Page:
Alongside U.S. troops, on a battlefield of intense bombing and gunfire, stands one unarmed man – a military chaplain – ready to serve and minister to the living and the fallen.
A recent report by the Associated Press reveals how U.S. military chaplains are instrumental in providing support to the troops by their very presence and by helping them deal with moral as well as life-and-death issues, through prayer, comfort and spiritual advice. The report states that their ministry helps keep “the U.S. military machine running.”
Since Aug. 5, U.S. troops have been fighting with Iraqi militants in Najaf's cemetery, believed to be the largest in the Muslim world.
The AP report tells how military chaplain Lt. Cmdr. Paul Shaughnessy joined a supply convoy and spent the night with Marines in the cemetery recently crouched behind tombstones for cover.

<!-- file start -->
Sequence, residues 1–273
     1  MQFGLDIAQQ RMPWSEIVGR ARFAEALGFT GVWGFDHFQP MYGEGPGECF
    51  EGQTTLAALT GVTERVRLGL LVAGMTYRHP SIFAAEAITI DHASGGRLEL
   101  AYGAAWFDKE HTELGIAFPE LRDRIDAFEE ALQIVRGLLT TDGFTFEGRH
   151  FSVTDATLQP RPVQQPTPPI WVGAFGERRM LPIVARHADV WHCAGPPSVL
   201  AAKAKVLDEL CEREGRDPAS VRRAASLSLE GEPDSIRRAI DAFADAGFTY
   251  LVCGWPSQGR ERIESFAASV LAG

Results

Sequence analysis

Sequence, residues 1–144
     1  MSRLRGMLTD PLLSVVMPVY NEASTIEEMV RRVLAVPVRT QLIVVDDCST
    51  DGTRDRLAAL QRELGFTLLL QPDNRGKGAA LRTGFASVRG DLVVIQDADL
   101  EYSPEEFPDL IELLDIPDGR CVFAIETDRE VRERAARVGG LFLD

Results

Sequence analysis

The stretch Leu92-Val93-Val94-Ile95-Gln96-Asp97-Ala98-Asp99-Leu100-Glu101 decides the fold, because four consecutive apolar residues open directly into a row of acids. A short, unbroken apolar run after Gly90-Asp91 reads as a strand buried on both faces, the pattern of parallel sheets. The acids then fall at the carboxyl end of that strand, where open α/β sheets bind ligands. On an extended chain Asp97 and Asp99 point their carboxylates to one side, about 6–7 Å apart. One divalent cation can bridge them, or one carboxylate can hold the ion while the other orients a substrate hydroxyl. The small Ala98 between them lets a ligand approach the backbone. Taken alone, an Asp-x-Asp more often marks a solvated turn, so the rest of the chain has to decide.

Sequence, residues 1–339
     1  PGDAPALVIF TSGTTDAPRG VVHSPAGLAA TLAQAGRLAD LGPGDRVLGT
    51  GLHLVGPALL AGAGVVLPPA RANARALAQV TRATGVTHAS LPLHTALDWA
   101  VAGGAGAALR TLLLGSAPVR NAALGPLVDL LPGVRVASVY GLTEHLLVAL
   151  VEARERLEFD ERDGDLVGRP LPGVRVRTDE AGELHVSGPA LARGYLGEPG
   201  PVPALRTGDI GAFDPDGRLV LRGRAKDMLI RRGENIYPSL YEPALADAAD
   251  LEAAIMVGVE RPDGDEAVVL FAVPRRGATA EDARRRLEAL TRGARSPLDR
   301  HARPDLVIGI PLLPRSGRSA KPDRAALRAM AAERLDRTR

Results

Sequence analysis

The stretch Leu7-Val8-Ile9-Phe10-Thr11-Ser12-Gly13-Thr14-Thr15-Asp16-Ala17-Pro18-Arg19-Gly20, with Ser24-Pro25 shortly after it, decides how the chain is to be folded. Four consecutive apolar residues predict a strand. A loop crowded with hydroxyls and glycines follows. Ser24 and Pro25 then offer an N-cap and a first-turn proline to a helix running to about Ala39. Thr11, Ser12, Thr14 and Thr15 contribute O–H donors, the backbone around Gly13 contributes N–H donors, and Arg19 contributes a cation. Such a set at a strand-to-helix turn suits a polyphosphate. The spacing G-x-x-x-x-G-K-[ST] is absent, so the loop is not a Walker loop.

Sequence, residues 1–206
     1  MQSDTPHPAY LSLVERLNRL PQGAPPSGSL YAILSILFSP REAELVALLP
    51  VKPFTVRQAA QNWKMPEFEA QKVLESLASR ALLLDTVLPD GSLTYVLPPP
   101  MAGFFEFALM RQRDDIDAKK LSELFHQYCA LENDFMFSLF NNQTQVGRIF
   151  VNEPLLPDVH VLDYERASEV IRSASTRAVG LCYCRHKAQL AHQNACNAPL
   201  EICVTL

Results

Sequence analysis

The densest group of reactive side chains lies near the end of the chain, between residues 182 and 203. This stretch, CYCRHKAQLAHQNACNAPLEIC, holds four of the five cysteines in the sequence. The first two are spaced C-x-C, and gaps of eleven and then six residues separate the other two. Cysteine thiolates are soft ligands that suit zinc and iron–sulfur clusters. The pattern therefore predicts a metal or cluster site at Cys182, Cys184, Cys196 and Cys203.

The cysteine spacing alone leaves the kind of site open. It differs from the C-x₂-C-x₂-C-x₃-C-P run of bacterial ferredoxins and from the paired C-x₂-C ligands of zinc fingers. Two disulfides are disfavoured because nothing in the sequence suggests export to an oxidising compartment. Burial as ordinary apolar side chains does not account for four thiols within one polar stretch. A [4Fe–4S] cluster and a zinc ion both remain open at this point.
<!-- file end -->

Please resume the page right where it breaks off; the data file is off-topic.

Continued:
One round exploded about 50 yards from the 58-year-old priest. After hearing calls for help, he found two Marines, bleeding profusely. Believing they would die, he performed last rites on them. One survived; the second did not.
Performing such rites, holding prayer services and giving soldiers blessings are typical of chaplains, who are also involved in helping soldiers work through moral issues that arise from combat.
Chaplains help to ease a soldier’s troubled conscience in combat, says the report, by arguing that killing combatants is justified, and emphasizing that they perform their duties in a just way, do not take innocent life or use excessive force.
Baptist Army chaplain Capt. Warren Haggray, 48, told the AP that he draws from Scripture to teach his soldiers that there are times for war and for peace, “and there are times that you just have to get out there and fight.”